16/10/2008 - Results
As forecast outgoing President of the Republic Ilham Alyev won the first round of the presidential election on 15th October in Azerbaijan. He won 88.67% of the vote – an almost Soviet result, far ahead of his 6 rivals who all won under 3% of the vote.
The four main opposition parties, (the Liberal Party, the Popular Front led by Ali Kerimli, the Civil Solidarity Party, Musavat led by Isa Gambar, the Public Forum for Azerbaijan led by Eldar Namazov) copied by many others, chose to boycott the election denounced by the latter as a "mascarade". "The election was a farce, a tragicomedy designed to increase the hold of the Alyev dynasty over the country. It was an imitation of an election. In this context the real winners are the democratic forces which boycotted the election but we would have liked so much for it to be the Azerbaijani people," said Musavat leader who added, "the richer the country becomes, the seedier its democracy." "They allow us no access to the media, we cannot organise any events. In these conditions taking part in the election would have been stupid," maintained Isa Gambar.
The opposition is however greatly divided and weakened by the personal ambitions of its various leaders. "The opposition did not manage to produce a candidate capable of attracting voters, "declared political analyst Rasim Musabayov.
In spite of the boycott of the election by many of the opposition parties turn out was higher than that recorded in the previous election on 5th October 2003 (75%, +4.5 points).
The 400 OSCE observers who were there to monitor the election denounced its undemocratic nature. "The election did not reflect the principles of a truly, pluralist, democratic election," reads the press release published on 16th October. The OSCE did say however that "significant progress had been made in comparison with the previous elections;" and regrets that the opposition refused to take part in the vote. The OSCE has never acknowledged a presidential election as being democratic in Azerbaijan.
46 year-old Ilham Alyev is the heir to the Alyev dynasty. Son of Heydar who was President of the Republic from 1993-2003 (but who previously led the Communist Party of the Republic of Azerbaijan from 1969-1982), Ilham was elected to the supreme off on 5th October 2003. He studied at the University for International Relations of Moscow (MGIMO) where he then taught for five years. From 1991 onwards he was a "businessman" in Moscow and Istanbul. In 1994, he took over the chairmanship of the SOCAR, Azerbaijan's national oil company before being elected to the Milli Majlis (the only chamber of Parliament); he then managed the country's Olympic Committee. His father's declining state of health encouraged him to launch into politics. He was then elected Vice-President of the New Azerbaijan Party (YAP) which held the majority in parliament; he led the list of this party in the general elections on 5th November 2000 and on 7th January 2001, an election which he won but which international observers denounced since it was marred by infringements.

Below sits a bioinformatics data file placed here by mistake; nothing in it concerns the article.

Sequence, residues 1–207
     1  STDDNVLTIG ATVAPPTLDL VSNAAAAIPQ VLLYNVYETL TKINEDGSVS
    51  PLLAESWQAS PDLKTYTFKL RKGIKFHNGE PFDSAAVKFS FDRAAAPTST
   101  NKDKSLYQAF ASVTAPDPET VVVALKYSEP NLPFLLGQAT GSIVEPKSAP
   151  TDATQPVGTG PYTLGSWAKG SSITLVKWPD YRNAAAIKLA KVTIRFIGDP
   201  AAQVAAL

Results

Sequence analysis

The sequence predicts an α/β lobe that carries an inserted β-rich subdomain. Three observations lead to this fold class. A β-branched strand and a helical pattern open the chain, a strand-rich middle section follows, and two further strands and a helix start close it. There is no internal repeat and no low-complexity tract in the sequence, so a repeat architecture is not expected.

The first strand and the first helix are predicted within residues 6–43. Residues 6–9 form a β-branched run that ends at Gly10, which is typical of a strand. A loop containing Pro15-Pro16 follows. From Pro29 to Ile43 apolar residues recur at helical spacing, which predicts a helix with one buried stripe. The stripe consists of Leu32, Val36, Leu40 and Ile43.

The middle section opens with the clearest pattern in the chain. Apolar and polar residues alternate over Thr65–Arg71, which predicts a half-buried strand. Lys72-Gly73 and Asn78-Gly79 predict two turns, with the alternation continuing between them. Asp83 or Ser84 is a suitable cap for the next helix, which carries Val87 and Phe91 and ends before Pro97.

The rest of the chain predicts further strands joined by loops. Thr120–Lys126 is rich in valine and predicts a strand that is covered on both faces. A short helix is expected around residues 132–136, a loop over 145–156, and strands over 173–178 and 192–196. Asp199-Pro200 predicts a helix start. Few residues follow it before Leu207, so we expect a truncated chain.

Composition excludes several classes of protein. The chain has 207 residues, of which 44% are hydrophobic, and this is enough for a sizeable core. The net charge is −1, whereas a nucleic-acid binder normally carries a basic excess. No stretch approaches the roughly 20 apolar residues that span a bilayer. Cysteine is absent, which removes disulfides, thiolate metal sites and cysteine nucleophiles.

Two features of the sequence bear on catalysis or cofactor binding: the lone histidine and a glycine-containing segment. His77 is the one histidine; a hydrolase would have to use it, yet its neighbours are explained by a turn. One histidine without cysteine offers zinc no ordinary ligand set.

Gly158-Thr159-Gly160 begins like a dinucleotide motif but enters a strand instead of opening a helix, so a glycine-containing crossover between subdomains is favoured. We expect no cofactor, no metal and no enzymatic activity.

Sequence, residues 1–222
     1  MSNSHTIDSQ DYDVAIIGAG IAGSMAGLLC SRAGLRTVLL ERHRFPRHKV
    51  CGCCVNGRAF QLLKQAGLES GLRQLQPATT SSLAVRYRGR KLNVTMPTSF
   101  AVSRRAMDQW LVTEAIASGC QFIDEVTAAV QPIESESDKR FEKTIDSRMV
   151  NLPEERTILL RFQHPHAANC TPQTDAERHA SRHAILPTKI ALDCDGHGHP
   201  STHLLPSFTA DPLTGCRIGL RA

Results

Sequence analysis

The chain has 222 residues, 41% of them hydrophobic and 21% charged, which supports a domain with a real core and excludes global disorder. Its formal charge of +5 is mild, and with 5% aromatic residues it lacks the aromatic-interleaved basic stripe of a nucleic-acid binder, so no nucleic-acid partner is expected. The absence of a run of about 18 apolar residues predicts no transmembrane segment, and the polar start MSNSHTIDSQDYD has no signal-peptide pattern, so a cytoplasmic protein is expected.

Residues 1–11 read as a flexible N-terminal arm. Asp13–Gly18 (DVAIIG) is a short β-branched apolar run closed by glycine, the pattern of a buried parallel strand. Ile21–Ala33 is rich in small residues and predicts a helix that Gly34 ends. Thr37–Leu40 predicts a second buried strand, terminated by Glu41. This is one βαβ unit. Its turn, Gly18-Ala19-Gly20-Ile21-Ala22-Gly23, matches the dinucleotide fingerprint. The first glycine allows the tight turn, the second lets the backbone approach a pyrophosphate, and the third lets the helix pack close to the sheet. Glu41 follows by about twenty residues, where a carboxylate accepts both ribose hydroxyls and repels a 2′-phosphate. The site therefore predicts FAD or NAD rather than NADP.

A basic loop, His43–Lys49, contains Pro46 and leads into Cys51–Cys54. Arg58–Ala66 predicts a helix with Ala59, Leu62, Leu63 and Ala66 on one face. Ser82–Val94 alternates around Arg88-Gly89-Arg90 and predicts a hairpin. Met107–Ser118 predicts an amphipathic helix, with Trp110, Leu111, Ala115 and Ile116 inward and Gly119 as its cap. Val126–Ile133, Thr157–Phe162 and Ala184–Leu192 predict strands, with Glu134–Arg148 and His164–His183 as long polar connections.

Azerbaijan which lies midway between Iran and Russia has the world's highest growth rate (24.7% GDP growth in 2007), an enviable geographic situation and vast energy resources which Alyev has turned into a major advantage for his country. The Baku-Tbilisi-Ceyhan pipeline which he considers his greatest success enables the country to sell its oil on European markets without having to pass via Russia. Baku's position is however a complex one to manage such is the rivalry between Moscow and Washington to win its favours. Since his accession to power at the end of 2003 Ilham Alyev has cordial relations with Russia as well as with the Western States and has always avoided choosing between the two camps.
The high result he achieved in this election provides him with the vital legitimacy to continue his work. He will now have to succeed in finding the means to maintain the stability of economic growth in an international context that has been marked recently by soaring raw material prices and the financial crisis.
He will also have to achieve the settlement of the Nagorno-Karabakh conflict (Azerbaijani territory occupied by Armenia since 1993 after a war between Baku and Erevan; both countries have not managed to sign a peace agreement since that date). Ilham Alyev has promised to enhance Armenia's isolation as long as the latter does not relinquish its occupation of the Nagorno-Karabakh.